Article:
First psychiatrist appointment: What to expect?

Your first appointment with a psychiatrist is the most crucial step in your mental health journey. You must remember that seeking help is not a sign of weakness. It is important to know that psychiatry is different from therapy. Your psychiatric appointment is centered on prescribing and monitoring the use of medication, rather than building behavioral and cognitive skills towards coping.

Initial Contact via phone call or online booking: You’ll start by contacting the clinic via phone or an online booking system.  There are ways to book like going to the clinic or booking via the social media page of the clinic or hospital. You’ll provide basic information, such as your name, contact details, and the reason for your visit. You will get an appointment time and date which suits you.

Preparation before visiting a psychiatrist: Have your details handy. You may jot down the problems and make a list of your concerns. You will be asked for information about your medical and mental health history. This includes current medications, past treatments, and any diagnoses. You will also be asked about the family history of mental disorders up to three generations. Do not forget to carry all your medical records and investigation reports with you.

First impression: You’ll check in at the reception desk when you arrive. You will need to provide your personal information, and health history, and pay for the appointment. After that, a nurse will take your vitals like blood pressure, pulse rate, weight, and height. If you have hesitation you may raise your concerns.

Waiting before the meeting: You might have to wait in a designated area until your appointment begins. This may be completely different than what you expect. Most people think the waiting area in a psychiatry clinic is chaos with people shouting and being aggressive. But this is a quiet space with magazines and television depending on the place you choose to visit. People might want to talk to you and there can be a long queue depending on the number of appointments. You might be offered water. If you’re feeling anxious, try some deep breathing or mindfulness techniques to calm your nerves.

The first meeting with your Psychiatrist: Your psychiatrist will introduce themselves. They are there to help you understand and manage your mental health. If you are with your friends or family members, they might ask whether you want to share your problems alone or want your accompanying person to be there while you share.  It’s important to understand that what you share is confidential with some exceptions (like if there’s a risk of harm to yourself or others).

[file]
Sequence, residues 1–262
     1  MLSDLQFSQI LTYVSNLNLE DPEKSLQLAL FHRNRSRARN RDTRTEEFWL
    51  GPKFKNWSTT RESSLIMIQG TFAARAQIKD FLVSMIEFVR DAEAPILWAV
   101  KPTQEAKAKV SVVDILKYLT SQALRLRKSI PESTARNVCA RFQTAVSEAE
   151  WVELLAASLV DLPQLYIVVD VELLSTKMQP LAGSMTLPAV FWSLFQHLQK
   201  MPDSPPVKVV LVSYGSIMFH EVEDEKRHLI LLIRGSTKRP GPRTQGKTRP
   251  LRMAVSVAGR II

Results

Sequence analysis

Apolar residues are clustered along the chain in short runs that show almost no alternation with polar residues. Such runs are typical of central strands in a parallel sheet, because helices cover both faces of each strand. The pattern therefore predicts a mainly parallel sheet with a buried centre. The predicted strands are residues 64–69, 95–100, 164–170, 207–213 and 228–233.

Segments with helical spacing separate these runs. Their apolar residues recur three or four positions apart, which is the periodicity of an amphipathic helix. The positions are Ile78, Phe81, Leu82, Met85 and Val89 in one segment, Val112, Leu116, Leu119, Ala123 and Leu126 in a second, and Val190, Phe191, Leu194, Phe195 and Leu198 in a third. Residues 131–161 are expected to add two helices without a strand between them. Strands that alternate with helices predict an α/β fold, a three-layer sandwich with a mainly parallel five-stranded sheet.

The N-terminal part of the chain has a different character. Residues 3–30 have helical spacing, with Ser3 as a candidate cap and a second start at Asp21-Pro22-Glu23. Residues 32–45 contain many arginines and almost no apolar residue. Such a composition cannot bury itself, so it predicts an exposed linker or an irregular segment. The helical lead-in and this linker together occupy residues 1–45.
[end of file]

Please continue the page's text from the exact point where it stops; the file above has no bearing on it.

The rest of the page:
The Initial Assessment: You will discuss why you’re seeking help. Be honest and open; this helps your psychiatrist understand your needs. Your psychiatrist will ask structured questions about your mental health history, including symptoms you’ve been experiencing, how long they’ve been present, and their impact on your daily life. They will likely ask about your personal history, family history, relationships, education, and employment.

One important thing to understand here is psychiatrist is interested in the history of your illness rather than the story. Be specific and do not get offended if the psychiatrist interrupts you for some questions or asks you to move a little faster.

Treatment goals and expectations Your psychiatrist will discuss your treatment goals and what you hope to achieve. They will explain possible treatment options, which may include therapy, medication, or a combination of both. Most of the time they will prescribe you medications. Many people feel nervous and distrustful of taking medication that has the potential to alter your brain’s chemistry. These are very rational hesitations, but there is evidence that medication is a successful treatment. Remember that medication will not take away any of the good things about you.

After the appointment: Your psychiatrist will outline the next steps, including investigations, brain imaging, follow-up appointments, recommended treatments, or referrals to other professionals. The pharmacist will make sure how you need to take the prescribed medication.

Common Questions and Concerns

Is it normal to feel nervous?

Absolutely! It’s common to feel nervous about your first psychiatric appointment. Remember, your psychiatrist is there to help and support you, not to judge you. All in all, it’s normal to be nervous, but your psychiatric appointment will ultimately work for you, not against you!

How long will the appointment last?

The first appointment usually lasts between 15- 20 minutes in the context of Nepal. Considering the number of patients the psychiatrists need to cater the time might be different. In a satellite clinic, the psychiatrist might not be able to give you much time.

What should I do if I’m not comfortable with the psychiatrist?

It’s important to feel comfortable with your psychiatrist. If you feel that you’re not a good fit, it’s okay to discuss this with them or ask for a referral to another professional.

Tips for a Successful First Appointment

  • Be honest: Share your thoughts and feelings openly.
  • Be prepared: Bring the necessary documents, reports of investigations, and a list of your medications if any.
  • Ask questions: Don’t hesitate to ask about anything you don’t understand.
  • Do not be offended: Don’t be offended if you are asked to cut your story short or if questions are asked in between.
  • Take notes: Write down important information or instructions you receive.
  • Follow up: Adhere to the treatment plan and attend follow-up appointments.

Related Post

Leave a Reply

Your email address will not be published. Required fields are marked *